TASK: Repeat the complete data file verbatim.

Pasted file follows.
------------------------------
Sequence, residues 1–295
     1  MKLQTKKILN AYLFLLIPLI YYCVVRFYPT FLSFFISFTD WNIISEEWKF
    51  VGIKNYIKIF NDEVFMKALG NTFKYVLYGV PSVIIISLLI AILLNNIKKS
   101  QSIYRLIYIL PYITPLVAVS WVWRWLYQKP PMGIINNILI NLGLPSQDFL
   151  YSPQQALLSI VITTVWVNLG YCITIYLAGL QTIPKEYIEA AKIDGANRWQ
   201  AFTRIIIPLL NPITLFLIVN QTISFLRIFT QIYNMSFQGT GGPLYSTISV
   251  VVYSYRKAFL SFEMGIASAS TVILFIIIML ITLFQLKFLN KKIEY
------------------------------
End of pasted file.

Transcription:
Sequence, residues 1–295
     1  MKLQTKKILN AYLFLLIPLI YYCVVRFYPT FLSFFISFTD WNIISEEWKF
    51  VGIKNYIKIF NDEVFMKALG NTFKYVLYGV PSVIIISLLI AILLNNIKKS
   101  QSIYRLIYIL PYITPLVAVS WVWRWLYQKP PMGIINNILI NLGLPSQDFL
   151  YSPQQALLSI VITTVWVNLG YCITIYLAGL QTIPKEYIEA AKIDGANRWQ
   201  AFTRIIIPLL NPITLFLIVN QTISFLRIFT QIYNMSFQGT GGPLYSTISV
   251  VVYSYRKAFL SFEMGIASAS TVILFIIIML ITLFQLKFLN KKIEY